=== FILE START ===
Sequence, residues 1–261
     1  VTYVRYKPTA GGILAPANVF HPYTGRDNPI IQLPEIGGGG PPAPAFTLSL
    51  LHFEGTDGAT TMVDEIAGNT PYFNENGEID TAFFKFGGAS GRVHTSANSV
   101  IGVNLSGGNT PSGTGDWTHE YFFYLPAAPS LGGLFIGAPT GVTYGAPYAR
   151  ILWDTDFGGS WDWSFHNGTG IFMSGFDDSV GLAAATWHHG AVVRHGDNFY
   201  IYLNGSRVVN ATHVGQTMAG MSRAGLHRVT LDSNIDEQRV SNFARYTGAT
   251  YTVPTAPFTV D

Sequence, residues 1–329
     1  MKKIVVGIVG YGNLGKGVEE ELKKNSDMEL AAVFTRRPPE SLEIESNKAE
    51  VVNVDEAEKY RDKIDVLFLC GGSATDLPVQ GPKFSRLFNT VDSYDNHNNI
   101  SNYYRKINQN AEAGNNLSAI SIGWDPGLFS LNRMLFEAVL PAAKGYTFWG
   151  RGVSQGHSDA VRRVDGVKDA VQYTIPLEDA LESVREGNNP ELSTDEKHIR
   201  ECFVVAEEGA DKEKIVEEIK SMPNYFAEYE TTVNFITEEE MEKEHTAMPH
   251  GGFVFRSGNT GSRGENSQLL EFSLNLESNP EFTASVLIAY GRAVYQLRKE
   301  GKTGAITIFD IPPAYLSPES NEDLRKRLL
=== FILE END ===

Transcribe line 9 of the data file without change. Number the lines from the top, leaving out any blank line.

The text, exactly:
     1  MKKIVVGIVG YGNLGKGVEE ELKKNSDMEL AAVFTRRPPE SLEIESNKAE